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Indian Cyberspies Expose Their Operation After Infecting Themselves With RAT

The India-linked threat actor tracked as Patchwork was observed employing a new variant of the BADNEWS backdoor in a recent campaign, but the hackers also infected one of their own computers, giving researchers a glimpse into their operations.

Also referred to as Dropping Elephant and Chinastrats and active since at least 2015, Patchwork is an advanced persistent threat (APT) group mainly known for the targeting of military and political individuals across the world, with a focus on entities in Pakistan.

In November and December 2021, however, Malwarebytes observed the hacking group targeting “faculty members whose research focus is on molecular medicine and biological science,” which represents a major shift in targeting for the adversary.

What’s more, the campaign was characterized by the use of a new variant of the BADNEWS remote access Trojan (RAT), called Ragnatela (“spider web” in Italian). For malware distribution, the attackers used spear phishing emails carrying malicious RTF files impersonating Pakistani authorities.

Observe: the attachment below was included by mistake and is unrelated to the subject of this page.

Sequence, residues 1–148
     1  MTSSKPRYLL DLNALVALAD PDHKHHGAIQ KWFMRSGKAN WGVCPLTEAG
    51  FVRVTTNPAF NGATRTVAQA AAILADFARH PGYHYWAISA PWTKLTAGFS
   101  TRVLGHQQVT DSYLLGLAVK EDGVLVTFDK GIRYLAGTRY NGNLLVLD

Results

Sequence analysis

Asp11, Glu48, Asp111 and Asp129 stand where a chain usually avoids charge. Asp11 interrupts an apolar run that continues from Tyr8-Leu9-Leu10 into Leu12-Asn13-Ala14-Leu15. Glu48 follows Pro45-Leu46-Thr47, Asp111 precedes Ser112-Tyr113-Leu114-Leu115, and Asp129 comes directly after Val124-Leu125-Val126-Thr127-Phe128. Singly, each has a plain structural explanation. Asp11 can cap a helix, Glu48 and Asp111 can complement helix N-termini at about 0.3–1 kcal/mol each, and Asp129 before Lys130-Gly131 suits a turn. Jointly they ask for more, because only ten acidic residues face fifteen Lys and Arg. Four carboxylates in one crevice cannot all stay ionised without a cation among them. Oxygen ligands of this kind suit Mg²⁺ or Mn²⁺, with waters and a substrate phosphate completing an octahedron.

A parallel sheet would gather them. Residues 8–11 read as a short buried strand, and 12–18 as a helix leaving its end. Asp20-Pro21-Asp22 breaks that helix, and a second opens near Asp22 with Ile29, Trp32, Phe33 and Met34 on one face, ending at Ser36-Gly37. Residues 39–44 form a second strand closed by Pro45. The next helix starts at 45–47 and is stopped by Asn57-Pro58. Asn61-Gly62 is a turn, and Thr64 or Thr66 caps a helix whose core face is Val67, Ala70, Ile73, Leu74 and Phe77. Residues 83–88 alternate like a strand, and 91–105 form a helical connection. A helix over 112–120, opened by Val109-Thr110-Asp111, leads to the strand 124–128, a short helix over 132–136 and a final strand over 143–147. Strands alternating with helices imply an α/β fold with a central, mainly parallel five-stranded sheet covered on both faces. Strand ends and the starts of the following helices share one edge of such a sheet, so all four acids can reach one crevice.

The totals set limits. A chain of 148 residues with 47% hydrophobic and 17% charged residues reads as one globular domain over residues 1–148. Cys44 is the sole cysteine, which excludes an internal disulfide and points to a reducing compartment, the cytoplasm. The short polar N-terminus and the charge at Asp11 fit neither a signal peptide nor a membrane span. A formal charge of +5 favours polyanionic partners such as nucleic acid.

Once dropped on a victim’s machine, Ragnatela allows attackers to execute commands, enumerate files on the system, list running applications, capture screenshots and log keystrokes, download additional payloads, and upload files.

According to Malwarebytes, the Ragnatela RAT was built in late November, around the same time the campaign was launched. Both the malware and the server it communicates with were tested in late November, shortly before the attacks started.

As part of the campaign, the adversary is believed to have successfully compromised multiple entities, including users at the Ministry of Defense in Pakistan, the National Defense University in Islamabad, the Faculty of Bio-Science at UVAS University, the International Center for Chemical and Biological Sciences at the University of Karachi, and the Salim Habib University.

Due to an error, the adversary also infected their own machine with the new RAT, which provided Malwarebytes with the opportunity to uncover more details about the tools the APT uses for development.

“Thanks to data captured by the threat actor’s own malware, we were able to get a better understanding about who sits behind the keyboard. The group makes use of virtual machines and VPNs to both develop, push updates and check on their victims. Patchwork, like some other East Asian APTs, is not as sophisticated as their Russian and North Korean counterparts,” Malwarebytes says.

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